A commercial for Street fighter action figures has a male announcer. The music is load fast and sang by a man. There are only boys in this commercial, no girls allowed. These boys are extremely rough. They make the action figures punch and kick each other. Every voice or figure in the commercial is male, even the action figures.
The presence of only male figures teaches young boys that they should make their primary bonds with other males. They also learn to mimic the violent play. Boys learn at a very young age that they are expected to be tough. The very name, "Street Fighter," shows this to be true. They are also shown that men are expected to be strong and attractive. The action figures are all very muscular. None of them are unattractive or overweight. Unfortunately these young boys do not know that they are receiving a lesson in gender stereotyping. They perceive the messages and role definitions they’re getting in the commercial as reality.
The same is true of commercials made for girls (video lecture #6). These commercials often focus on domestic activities like cooking and taking care of children.
The dolls or activities follow typical female roles and occupations like gymnastics, styling hair, choosing wardrobes, and making art. If anything masculine is presented there is a female bias attached. For example, in the commercial for Camping Barbie, the little girl playing with her says, "Lets cook dinner for everyone." It is no coincidence that the patient Doctor Barbie comes with is a baby. Little girls are taught to like taking care of babies. They soon learn to enjoy playing mother. An example of this is the commercial for Newborn Nancy. The song for the commercial sings "I love my Newborn Nancy...She needs some help from me...Cause that’s what mommies do." Girls also learn from these commercials to be emotional the word love is frequently used. Girls are often shown hugging and kissing their dolls.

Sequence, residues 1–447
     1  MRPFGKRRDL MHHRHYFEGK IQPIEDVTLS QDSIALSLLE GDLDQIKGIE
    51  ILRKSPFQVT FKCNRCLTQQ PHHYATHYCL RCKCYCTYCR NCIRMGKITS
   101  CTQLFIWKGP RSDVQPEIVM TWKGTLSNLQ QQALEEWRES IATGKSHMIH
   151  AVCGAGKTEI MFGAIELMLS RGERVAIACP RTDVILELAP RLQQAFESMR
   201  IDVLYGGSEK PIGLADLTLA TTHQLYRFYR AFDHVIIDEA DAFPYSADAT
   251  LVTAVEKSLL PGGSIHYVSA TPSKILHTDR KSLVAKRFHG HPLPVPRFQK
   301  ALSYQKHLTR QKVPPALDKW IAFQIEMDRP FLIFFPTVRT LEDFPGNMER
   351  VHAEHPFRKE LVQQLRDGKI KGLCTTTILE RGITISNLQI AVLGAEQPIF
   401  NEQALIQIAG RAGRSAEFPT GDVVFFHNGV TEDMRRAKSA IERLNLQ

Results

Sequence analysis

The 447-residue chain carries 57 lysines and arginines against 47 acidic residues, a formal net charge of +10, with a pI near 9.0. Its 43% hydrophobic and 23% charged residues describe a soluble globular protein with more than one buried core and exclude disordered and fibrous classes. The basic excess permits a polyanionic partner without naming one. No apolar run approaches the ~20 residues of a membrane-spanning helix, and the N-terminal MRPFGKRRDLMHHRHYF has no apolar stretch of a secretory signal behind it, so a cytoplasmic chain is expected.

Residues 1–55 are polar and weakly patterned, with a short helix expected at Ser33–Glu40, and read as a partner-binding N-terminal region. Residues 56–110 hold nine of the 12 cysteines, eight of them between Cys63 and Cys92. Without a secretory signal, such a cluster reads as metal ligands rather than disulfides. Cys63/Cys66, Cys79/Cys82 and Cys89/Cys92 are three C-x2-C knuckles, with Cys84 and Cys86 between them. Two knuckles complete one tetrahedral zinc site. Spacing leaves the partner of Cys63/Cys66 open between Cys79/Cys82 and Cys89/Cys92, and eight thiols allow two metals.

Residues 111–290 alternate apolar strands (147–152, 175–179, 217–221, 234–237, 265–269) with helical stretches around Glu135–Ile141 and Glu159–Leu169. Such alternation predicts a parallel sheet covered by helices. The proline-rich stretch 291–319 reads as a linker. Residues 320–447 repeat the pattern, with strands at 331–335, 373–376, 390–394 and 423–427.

The songs, toys, activities, colors, and attitudes in boys and girls commercials are extremely different, even opposite. The boy’s loud and fast music contrasts the girl’s music, which can often be similar to that of a lullaby. The girl’s activities are typically indoor and domestically based. The boys are encouraged to play outside. Pink is contrasted by blue.
The attitudes of the boys are rough and tough. The girls are loving and emotional. These commercials are just one of the many media sources children today is using to create gender images and stereotypes that they will use to pattern their own behavior.
In conclusion, in this essay I have discussed the types of gender images presented by the media. These images have changed slightly over the years, but remain a very strong force in society today. We began to learn at a very young age that men are supposed to be strong and dominant while women are emotional and submissive.